Like, if your answer to everyone is going to be, "I'm kind of busy now" or "I don't know..." -- then might as well keep your door closed. But, that would prevent the visual (only) recognition that they seek, so it has to stay open. Everyone's trying to appear as conspicuously unavailable as possible.
It really was not like that when I was in college. Sure, things weren't as free-flowing as they were in the '80s. (And I do remember that, even though I was in elementary school, because my babysitter once took me and my brothers to a dorm at Ohio State at night, when everybody had their doors open and were pouring in and out of each other's rooms, playing music, smoking and drinking in the common areas, and generally not minding the boundaries.)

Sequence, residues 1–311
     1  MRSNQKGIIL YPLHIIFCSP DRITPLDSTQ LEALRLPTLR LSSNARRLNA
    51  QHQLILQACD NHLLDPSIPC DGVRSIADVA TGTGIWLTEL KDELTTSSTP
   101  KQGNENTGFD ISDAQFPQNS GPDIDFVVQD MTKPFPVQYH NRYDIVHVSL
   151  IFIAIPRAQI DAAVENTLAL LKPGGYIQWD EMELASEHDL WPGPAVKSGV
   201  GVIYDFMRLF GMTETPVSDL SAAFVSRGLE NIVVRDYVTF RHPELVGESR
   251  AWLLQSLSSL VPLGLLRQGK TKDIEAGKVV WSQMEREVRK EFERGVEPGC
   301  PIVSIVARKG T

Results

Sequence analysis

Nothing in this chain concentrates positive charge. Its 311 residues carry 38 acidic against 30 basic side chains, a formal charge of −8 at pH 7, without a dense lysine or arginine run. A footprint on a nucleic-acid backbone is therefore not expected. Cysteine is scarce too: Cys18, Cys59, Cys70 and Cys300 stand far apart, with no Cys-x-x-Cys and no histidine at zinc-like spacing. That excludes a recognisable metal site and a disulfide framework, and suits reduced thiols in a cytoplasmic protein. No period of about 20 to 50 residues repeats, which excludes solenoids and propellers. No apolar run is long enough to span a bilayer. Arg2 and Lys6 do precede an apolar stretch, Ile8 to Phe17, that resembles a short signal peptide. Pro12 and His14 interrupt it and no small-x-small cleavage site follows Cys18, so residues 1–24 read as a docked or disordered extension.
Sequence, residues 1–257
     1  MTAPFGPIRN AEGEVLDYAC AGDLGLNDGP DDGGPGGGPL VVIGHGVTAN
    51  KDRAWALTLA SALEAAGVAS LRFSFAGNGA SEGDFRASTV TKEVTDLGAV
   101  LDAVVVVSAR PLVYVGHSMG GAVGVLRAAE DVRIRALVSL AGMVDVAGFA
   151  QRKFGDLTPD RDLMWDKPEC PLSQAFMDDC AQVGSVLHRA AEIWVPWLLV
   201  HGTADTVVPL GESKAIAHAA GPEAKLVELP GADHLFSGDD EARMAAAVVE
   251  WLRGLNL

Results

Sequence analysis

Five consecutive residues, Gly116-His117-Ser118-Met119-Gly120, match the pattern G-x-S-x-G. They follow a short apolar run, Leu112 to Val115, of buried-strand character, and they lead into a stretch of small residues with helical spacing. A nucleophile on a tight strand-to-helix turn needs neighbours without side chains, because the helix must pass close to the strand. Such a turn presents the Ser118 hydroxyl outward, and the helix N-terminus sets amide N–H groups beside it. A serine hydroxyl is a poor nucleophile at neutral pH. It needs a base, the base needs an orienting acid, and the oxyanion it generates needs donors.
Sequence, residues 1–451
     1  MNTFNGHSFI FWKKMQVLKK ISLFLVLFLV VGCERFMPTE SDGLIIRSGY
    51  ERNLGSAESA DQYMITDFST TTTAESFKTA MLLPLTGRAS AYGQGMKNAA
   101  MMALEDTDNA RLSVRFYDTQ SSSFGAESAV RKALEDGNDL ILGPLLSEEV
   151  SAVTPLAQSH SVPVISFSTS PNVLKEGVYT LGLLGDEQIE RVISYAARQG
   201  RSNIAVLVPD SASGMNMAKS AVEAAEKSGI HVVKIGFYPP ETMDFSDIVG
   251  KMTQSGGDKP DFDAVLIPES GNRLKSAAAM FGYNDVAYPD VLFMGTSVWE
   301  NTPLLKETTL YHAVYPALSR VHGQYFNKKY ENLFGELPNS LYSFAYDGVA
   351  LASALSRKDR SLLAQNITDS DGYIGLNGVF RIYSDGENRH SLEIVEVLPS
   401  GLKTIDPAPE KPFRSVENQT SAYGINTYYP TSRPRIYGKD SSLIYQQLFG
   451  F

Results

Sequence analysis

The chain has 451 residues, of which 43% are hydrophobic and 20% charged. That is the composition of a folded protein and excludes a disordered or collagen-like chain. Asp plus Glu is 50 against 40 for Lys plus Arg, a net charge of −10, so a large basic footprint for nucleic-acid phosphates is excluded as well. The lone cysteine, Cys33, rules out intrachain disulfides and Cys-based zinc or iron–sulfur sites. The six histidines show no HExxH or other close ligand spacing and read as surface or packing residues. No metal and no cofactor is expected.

Still, we were pretty restless when we got to college, and at least wanted to take part in a good old bull session, and preferably to Go Somewhere. Only one guy in the whole dorm had brought a TV, and no one had a video game system either. We did have desktop computers with internet access, but we would only surf the web to kill time until someone showed up, or until we got bored and left in search of something to do at a campus hang-out spot. If the door was open, and you found someone on the internet, they would totally look up in relief and hear your pitch for what to do, or get lost in a conversation if you just wanted to shoot the bull.
They would not ignore you while they managed four different IM conversations (that period's version of texting). The only thing I recall occasionally getting in the way was the computer game Snood and the file-sharing program Napster. Those things seemed to demand more attention and distract your would-be activity or conversation partner. But they weren't a problem for most people, most of the time.